Relay is once in a lifetime event - for some

AN important moment in Buckingham’s history was over in the blink of an eye on Monday when the Olympic torch passed through town.

Thousands of Buckingham residents and workers lined the town’s high street, Bridge Street and London Road to see the flame up close.

Olympic Torch Relay passing through Buckingham - Sarah Williams highfive

Olympic Torch Relay passing through Buckingham - Sarah Williams highfive

The Olympic torch convoy arrived at Stratford Fields at around 10.20am and its arrival was heralded by the town crier in the Cattle Pens. The torch convoy was lead by three lorries from sponsors Lloyds TSB, Coca Cola and Samsung.

Police rode on their motorbikes ahead of the convoy, giving high fives to the people lining the streets.

The flame was carried up to the Old Gaol by Sarah Williams, 19, of Pleasanton, in the USA.

With one quick kiss of torches, the flame was passed to Aylesbury resident, Paul Barter, 45, who continued the relay.

Gwen Dixon, waiting for the Olympic torch to pass through Buckingham. She went to the 1948 London Olympic Games at the age of 23.

Gwen Dixon, waiting for the Olympic torch to pass through Buckingham. She went to the 1948 London Olympic Games at the age of 23.

The flame was carried to the town hall and down Bridge Street, past cheering crowds who had come out of their offices to offer their support.

Mr Barter passed the Olympic flame to Jemma Moore, 26, from Banbury, outside The New Inn.

For many, this was the first time in their life they had experienced a build up to the Olympics in their home country, but not for Gwen Dixon.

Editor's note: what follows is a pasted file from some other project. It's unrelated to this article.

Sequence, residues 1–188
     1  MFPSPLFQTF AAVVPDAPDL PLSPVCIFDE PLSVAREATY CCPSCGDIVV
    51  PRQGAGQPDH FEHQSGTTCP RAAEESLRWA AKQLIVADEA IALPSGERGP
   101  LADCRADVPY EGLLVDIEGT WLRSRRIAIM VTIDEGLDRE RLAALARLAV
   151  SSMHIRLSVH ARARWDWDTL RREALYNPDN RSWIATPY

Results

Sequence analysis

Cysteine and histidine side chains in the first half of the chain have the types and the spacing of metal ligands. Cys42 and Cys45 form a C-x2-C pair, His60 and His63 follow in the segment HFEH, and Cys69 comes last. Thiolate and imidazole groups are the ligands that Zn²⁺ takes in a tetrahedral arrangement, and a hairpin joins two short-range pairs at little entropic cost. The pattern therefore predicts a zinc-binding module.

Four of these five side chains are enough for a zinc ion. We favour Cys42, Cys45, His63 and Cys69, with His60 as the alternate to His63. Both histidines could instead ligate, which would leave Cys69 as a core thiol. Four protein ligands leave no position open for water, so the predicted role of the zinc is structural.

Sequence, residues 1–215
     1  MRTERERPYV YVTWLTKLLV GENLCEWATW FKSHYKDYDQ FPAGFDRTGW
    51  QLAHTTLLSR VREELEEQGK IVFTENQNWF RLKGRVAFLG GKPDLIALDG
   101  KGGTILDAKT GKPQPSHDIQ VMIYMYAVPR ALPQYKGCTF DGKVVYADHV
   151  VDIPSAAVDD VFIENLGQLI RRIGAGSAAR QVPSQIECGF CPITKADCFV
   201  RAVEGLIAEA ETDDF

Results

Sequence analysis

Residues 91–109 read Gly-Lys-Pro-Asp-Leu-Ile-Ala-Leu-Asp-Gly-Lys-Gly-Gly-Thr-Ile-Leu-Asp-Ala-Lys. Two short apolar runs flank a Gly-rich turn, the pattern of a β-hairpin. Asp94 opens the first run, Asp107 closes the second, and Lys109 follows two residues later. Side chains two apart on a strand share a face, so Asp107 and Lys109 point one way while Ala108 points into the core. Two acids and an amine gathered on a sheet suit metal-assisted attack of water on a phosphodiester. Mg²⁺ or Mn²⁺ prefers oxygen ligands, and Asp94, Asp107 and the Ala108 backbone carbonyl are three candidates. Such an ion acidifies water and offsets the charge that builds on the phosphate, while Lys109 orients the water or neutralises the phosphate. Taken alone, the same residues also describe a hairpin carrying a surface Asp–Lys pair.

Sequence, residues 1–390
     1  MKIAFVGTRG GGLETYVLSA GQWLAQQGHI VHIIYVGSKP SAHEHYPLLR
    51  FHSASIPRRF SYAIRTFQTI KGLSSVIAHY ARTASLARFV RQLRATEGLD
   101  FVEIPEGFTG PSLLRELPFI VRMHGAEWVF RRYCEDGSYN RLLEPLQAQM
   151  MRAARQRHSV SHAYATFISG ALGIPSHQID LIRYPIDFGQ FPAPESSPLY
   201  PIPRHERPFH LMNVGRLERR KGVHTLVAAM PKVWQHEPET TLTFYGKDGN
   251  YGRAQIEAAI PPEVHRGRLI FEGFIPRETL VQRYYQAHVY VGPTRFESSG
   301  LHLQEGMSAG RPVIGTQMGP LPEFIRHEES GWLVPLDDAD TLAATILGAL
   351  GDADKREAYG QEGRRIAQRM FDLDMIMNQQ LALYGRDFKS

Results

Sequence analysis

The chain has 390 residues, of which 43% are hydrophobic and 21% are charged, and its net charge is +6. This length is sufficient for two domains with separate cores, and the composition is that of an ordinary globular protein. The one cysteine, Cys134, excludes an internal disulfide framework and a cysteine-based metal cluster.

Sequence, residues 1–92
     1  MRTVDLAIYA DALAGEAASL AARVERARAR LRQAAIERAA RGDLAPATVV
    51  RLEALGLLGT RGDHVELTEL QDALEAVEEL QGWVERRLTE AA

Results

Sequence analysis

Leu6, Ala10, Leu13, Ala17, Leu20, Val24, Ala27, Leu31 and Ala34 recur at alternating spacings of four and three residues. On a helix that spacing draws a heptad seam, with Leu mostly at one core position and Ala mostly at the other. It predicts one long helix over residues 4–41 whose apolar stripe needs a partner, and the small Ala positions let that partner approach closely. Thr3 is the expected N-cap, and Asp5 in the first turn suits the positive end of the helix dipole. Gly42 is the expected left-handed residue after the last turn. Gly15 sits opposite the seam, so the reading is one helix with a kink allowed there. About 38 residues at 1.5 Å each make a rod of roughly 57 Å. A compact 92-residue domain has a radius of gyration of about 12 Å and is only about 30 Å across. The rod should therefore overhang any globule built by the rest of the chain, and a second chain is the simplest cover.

Mrs Dixon was visiting her son, Robin, in Buckingham, and took the opportunity to watch the Olympic torch relay while she was here.

She remembers the last time the Olympics came to London in 1948 and, at the age of 23, was present at Wembley Stadium to watch figures such as Fanny Blankers-Koen, who won four gold medals in the athletics, and long-distance runner Emile Zatopek perform.

Speaking to the Advertiser and Review, she said: “I can remember seeing Fanny Blankers-Koen with her arms out and she looked like she was flying. I remember seeing Zatopek, the Czech runner, and the crowds were chanting his name.”

She added with almost no television and other technology, there wasn’t as much hype around the Olympics in 1948.

She said: “It was after the war had finished and it was early days. But everyone made a particular effort to support it.”

Mrs Dixon said she was pleased she had the chance to experience the Olympics for a second time and to see the Olympic flame.

“I am glad I saw it because there has been such a lot of publicity, but to be honest it was a little underwhelming!”

She added she would be watching the Olympic Games when it starts on July 27.

>> Want to see more pictures from the Buckingham leg of the Olympic torch relay? Visit our website www.buckinghamtoday.co.uk to see a slideshow.

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